Day and Night (デイアンドナイト, Michihito Fujii, 2019) [Fantasia 2019]

day and night poster 1Can two wrongs ever really make a right? Michihito Fujii’s Day and Night (デイアンドナイト) wants to ask if the difference between good and evil is really as stark as that between dawn and dusk, or if life is really more like twilight in which morality is a relative concept and acts cannot by judged individually but only as a part of the whole. What the hero discovers, however, is that the world is an inherently unfair place and it may not be possible to “win” against the forces of self-interest solely through being pure of heart.

The drama begins with a stunned Koji (Shinnosuke Abe) returning to his small-town home to graffiti scrawled across his fences and his father lying in repose inside after having apparently taken his own life. No one will quite explain to Koji what exactly has happened, but it seems there has been some unpleasantness surrounding his father’s auto business. Though most of the other townspeople including his old friends are civil, they are also frosty and obviously unwilling to address the subject of Mr. Akashi save to press Koji for money they might still be owed as employees.

Meanwhile, poking around the garage in search of answers, he runs into the mysterious figure of Kitamura (Masanobu Ando) who claims to have known his father well though Koji’s mother claims never to have heard of him. Seeing as Kitamura is the only person willing to speak to him, Koji ends up taking a job at the orphanage where he works which turns out to be a little different than he thought seeing as Kitamura is actually the head of a local crime ring which exists with the sole purpose of keeping the orphanage running.

Though Koij, like his father, is an upstanding, law-abiding young man, he is quickly pulled into Kitamura’s world of moral justifications when presented with his personal philosophy in which the greater good remains paramount. Kitamura steals cars by night, stripping the unsellable ones for parts, which is where Mr. Akashi came in having succumbed to a life of “crime” in order to support himself while his business was suffering. He also does some possibly less justifiable work in the red light district while making a point of beating up drug dealers because 80% of the kids in his care have a parent in jail for crimes related to substance abuse. In Kitamura’s view at least, these are all “justifiable”, morally defensible “crimes” given that they are necessary to ensure the protection of the orphans. Though the money is good and Koji does need it, they are not in this for personal gain but to protect something they feel is important.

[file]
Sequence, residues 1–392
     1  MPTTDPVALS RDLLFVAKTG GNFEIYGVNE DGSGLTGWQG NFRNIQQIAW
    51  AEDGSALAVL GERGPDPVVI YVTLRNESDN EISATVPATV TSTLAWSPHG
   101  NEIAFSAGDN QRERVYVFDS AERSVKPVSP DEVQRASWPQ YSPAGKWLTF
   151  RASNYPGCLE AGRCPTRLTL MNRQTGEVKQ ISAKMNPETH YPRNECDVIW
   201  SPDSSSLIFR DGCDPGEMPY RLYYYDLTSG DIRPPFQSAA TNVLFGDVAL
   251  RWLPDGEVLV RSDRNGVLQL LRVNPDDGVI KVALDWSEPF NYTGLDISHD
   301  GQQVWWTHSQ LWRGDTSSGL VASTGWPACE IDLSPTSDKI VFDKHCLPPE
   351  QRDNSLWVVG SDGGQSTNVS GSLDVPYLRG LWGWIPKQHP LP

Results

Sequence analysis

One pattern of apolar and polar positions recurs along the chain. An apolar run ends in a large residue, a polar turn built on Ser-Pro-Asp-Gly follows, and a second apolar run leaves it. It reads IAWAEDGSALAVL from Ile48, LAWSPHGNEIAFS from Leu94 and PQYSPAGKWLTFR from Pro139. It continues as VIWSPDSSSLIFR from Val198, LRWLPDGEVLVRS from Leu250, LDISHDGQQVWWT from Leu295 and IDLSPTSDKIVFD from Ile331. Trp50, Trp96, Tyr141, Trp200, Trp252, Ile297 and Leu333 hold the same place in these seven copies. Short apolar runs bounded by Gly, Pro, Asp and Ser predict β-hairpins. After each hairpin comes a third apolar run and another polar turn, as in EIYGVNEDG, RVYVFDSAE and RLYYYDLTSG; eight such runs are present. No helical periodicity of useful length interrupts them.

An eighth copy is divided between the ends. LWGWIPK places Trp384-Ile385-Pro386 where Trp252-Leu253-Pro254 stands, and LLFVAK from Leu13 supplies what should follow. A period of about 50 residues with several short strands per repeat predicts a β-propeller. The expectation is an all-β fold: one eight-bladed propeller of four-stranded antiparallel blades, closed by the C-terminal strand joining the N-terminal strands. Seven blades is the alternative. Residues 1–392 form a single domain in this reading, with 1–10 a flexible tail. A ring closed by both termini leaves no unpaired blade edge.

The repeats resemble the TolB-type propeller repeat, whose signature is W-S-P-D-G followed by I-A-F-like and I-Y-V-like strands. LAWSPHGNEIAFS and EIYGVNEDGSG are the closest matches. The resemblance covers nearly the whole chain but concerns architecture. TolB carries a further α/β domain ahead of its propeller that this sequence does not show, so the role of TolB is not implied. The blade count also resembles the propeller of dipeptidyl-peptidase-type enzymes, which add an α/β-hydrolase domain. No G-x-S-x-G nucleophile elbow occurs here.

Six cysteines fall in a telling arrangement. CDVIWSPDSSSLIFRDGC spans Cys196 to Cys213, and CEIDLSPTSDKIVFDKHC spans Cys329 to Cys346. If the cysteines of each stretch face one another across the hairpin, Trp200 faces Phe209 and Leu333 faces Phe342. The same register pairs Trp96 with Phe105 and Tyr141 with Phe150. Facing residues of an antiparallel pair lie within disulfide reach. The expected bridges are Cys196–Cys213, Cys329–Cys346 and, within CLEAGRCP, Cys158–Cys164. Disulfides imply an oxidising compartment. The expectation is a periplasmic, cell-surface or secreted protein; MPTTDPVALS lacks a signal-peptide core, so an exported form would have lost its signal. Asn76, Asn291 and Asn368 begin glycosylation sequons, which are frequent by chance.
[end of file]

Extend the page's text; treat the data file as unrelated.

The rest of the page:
As Kitamura puts it, Mr. Akashi put his faith in laws that are meant to protect people but in the end it killed him. Having discovered a serious flaw in the auto parts he received from a local company he did the “right thing” and blew the whistle but Nakamichi Autos is the major player in the local economy and many people did not take kindly to having their reputation called into question. Nakamichi rallied its supporters and had Akashi hounded into submission. As one of the former employees tells Koji, the truth “hardly matters anymore”. Nakamichi doesn’t care there is a minor flaw in their products because they feel the chance of a fatal accident is slim enough not to need to worry about and happy to let the risk continue as long as they maximise their profits.

Miyake (Tetsushi Tanaka), Nakamichi’s CEO, also has his justifications, insisting that there’s no such thing as right and wrong only the cold logic of numbers and that the death of one man will not change anything. Increasingly pulled into Kitamura’s world of crime, Koji opts for underhanded methods to expose the truth about Nakamichi and clear his father’s name but finds in the end that no one is interested in facts. Listening in to some of his father’s old employees enjoying their belated severance pay he is dismayed to hear them too justifying their actions as they each insist that they did what they thought was “best” for everyone, for a peaceful life, for their families.

In truth, Koji claims he hated his father. That he resented him for always working all the time. Now however he begins to see that Akashi was only trying to protect his family by providing for it. His father was a “good” man, and he did the “right” thing, but he also became involved with Kitamura’s morally questionable crime syndicate. Kitamura wants to protect the orphans and takes care of them well, but can he really justify his actions solely on the grounds that there is no honest way to care for children who are often victims of an unfair society the pressures of which have pushed their parents from the “moral” path? What Koji’s left with, broadly, is that “good” people do “bad” things for “good” reasons, but bad people do bad things because they’re selfish and so they hardly care about the consequences of their actions. He starts to believe that the only way to resist is to fight fire with fire, but discovers that the little guy is always at a disadvantage when there is too much vested interest in not “making trouble”. It turns out everyone is OK with the status quo, so long as it’s not their car that might suddenly lose its wheels. As Miyake says, “that’s just how society works”.

A bleak meditation on the wider nature of justice and moral greyness of the world, Fujii’s noirish drama suggests good and bad are less like day and night than a shady evening in which the only shining light is the greater good. The world, however, continues on in self interest and the “good” will always lose to the “bad” as long it compromises itself trying to play by the other guy’s rules. Koji finds himself torn between a desire to avenge his father and a new sense of fatherhood fostered by bonding with a teenage girl at the orphanage as he contemplates the existence of a line between good and evil and his own place along it, but his old fashioned “nobility” finds no answer in the infinitely corrupt moral dubiousness of the modern society.